If you have a multimeter, test them after you solder. If not like me, I plugged them into a source (observing polarity: Coloured = hot. Copper = ground) and played left and right channel test.

When that checked out, I epoxy-ed the connectors to the housing. This is another point of no return so you better make sure your soldering holds well.

Make sure you leave it to cure for the appropriate amount of time before reassembling it (usually 24 hours). Just leave it the hell alone and resist the urge to marvel at your mad skills. You don’t want to give any excuse for the epoxy to come off after you’ve reassembled the pads.

If you’ve been good, put it all back together, with new pads and you have yourself KPH30i’s that can use any 2-pin cable you want instead of being anchored to the stupid wire it comes with.

So there we have it. I hope that’s comprehensive enough for you to attempt to mod the KPH30i on your own. You do need the right tools for it, but it’s not overly complicated. The goove/slot method should work better to deal with the constant stress of having the wires being attached and detached. Also using 2-pin means less force is needed to remove or attach the cable.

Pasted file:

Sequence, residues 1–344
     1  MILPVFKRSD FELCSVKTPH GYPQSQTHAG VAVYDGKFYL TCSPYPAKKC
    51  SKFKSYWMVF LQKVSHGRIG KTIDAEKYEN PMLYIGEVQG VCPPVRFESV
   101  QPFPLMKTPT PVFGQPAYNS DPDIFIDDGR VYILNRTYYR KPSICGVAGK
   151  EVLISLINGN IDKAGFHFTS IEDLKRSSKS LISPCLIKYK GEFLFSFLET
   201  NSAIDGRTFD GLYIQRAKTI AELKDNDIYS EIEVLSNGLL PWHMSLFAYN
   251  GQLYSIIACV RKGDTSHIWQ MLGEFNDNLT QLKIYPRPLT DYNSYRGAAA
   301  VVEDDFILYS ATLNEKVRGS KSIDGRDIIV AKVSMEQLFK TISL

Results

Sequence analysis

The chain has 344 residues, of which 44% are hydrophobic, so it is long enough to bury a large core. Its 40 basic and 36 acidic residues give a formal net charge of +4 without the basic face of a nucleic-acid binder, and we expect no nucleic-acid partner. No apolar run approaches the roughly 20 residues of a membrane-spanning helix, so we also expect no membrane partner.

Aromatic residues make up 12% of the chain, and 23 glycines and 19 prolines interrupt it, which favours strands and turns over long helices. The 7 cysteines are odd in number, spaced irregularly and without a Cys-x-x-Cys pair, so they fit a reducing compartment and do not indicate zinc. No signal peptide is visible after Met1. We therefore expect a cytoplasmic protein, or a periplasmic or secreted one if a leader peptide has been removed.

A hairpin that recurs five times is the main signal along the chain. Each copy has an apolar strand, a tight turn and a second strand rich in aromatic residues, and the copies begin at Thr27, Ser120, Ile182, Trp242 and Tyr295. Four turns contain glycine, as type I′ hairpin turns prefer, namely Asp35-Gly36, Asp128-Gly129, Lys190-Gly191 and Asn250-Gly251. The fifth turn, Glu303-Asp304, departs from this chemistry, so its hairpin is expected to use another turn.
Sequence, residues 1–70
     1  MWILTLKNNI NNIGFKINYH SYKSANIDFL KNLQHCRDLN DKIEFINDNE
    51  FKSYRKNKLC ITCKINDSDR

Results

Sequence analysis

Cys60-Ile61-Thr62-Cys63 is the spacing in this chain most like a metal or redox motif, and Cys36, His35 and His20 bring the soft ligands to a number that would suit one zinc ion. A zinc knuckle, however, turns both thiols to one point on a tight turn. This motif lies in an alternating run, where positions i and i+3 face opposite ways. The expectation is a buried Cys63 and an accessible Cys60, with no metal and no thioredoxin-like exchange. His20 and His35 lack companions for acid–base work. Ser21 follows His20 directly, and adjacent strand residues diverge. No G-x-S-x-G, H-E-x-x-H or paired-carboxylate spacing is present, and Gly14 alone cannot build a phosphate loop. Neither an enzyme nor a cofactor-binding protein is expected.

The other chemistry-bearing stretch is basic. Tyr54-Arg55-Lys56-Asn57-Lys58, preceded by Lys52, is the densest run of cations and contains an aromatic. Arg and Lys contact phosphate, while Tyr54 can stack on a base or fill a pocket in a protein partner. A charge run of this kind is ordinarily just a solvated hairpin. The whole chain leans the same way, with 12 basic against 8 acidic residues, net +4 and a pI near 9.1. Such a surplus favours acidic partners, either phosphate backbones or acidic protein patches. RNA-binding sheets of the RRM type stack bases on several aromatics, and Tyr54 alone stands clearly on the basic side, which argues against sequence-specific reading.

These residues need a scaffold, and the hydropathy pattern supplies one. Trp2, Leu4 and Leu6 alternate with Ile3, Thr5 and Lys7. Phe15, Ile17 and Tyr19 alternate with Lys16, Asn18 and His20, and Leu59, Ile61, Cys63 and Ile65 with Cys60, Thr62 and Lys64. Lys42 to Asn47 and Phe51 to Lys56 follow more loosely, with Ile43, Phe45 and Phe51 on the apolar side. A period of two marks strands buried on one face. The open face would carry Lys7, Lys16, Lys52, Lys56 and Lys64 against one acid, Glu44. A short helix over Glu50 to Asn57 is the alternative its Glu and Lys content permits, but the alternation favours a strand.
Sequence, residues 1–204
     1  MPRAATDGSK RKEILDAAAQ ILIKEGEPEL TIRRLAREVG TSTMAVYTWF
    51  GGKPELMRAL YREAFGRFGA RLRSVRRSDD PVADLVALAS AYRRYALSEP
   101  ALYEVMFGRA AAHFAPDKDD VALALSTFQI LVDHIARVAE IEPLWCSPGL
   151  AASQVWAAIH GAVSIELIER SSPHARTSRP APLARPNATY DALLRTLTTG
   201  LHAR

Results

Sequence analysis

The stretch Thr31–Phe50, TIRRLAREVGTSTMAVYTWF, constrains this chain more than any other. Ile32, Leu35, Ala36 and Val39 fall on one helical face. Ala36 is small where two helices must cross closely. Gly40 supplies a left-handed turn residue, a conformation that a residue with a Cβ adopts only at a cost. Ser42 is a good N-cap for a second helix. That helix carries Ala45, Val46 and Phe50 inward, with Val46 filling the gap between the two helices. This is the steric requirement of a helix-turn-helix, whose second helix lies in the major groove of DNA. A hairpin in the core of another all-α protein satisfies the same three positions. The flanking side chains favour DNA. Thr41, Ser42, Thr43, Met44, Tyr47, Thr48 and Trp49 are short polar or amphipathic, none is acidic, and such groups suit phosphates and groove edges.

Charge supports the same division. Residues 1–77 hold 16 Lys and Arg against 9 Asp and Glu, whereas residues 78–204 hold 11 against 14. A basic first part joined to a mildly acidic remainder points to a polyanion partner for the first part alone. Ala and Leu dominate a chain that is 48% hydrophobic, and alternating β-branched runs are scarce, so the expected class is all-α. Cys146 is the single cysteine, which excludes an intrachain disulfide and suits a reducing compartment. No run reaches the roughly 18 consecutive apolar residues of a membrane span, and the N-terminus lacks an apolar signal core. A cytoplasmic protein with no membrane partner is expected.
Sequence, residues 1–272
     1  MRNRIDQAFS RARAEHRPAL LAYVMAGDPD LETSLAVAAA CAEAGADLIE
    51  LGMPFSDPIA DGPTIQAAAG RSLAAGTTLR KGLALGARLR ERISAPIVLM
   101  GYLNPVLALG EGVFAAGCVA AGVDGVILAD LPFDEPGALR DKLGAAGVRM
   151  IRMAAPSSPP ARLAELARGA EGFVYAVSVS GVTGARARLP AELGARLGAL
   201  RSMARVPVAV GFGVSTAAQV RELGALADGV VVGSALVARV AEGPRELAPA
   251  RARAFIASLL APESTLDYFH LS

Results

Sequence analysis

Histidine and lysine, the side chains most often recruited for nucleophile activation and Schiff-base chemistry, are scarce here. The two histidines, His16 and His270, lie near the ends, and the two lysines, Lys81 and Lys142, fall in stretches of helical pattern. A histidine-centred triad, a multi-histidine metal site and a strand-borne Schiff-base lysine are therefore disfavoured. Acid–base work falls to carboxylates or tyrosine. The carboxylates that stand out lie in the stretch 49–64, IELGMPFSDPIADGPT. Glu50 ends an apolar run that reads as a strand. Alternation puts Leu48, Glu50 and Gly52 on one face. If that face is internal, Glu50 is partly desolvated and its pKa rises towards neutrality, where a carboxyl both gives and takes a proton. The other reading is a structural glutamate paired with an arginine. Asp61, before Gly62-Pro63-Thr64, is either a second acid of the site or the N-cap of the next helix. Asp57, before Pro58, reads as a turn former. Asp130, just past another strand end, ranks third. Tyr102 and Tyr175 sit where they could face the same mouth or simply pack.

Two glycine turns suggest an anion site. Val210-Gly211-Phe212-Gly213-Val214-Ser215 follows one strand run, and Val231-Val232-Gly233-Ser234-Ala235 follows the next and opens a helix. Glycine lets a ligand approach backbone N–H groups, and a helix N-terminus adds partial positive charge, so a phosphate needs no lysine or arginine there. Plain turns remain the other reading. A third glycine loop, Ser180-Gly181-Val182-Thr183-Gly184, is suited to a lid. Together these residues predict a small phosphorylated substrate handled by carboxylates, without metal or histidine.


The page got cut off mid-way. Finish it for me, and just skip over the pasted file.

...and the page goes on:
I still think the PortaPros are easier to mod because they are simpler to take apart, but I like both sound signatures, so I don’t mind owning and modding both. The best thing about the detachable cable mod is that you don’t have to use cables. If you’re a crazy person like I am, you can also turn the KPH30i wireless if you have the right gadgets at your disposal.

Cheers and good luck.


Nice tutorial and pictures. Very clearly put together and I know that some people on this forum will greatly appreciate your post and efforts.


Thanks. I certainly hope so. Last I checked, there were much detailed instructions on how to mod KPH30i’s around.


This is awesome. I imagine this could work similarly with the KSC75. I always see MMCX mods but never 2 pin, and I prefer 2 pin connectors too. Many thanks for showing such detailed and in-depth instructions!


I was planning to do the KSC75’s not just as a 2-pin mod, but also to attach the Fiio UTWS1 to it without looking super dorky. I’ve done it as MMXC mod on its own, but yeah, doing it as a 2-pin is much better.


Zeos clued me in that there is a bigger shrouded female connector version of the 0.78mm 2-pin. I found what I think it is on Aliexpress, but it doesn’t have the groove which I’ve detailed in this how-to. Because it’s larger too, it kinda looks good after modding (because it fills the connector hole and then some). I’ll try and get a bunch and pull out some fresh new KPH30i’s for modding.

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This is awesome

Nice tutorial, but I do not understand why the two pin connector. If I had one of these, I would prefer to use a MMCX connector instead.

Many people prefer 2 pin due to more durability and it is a more solid connection technically. I prefer it too. But if you like mmcx more personally than that is totally fine. :wink:

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I believe his original post in the kph30i was with mmcx, he also states his main reason for 2 pin in the post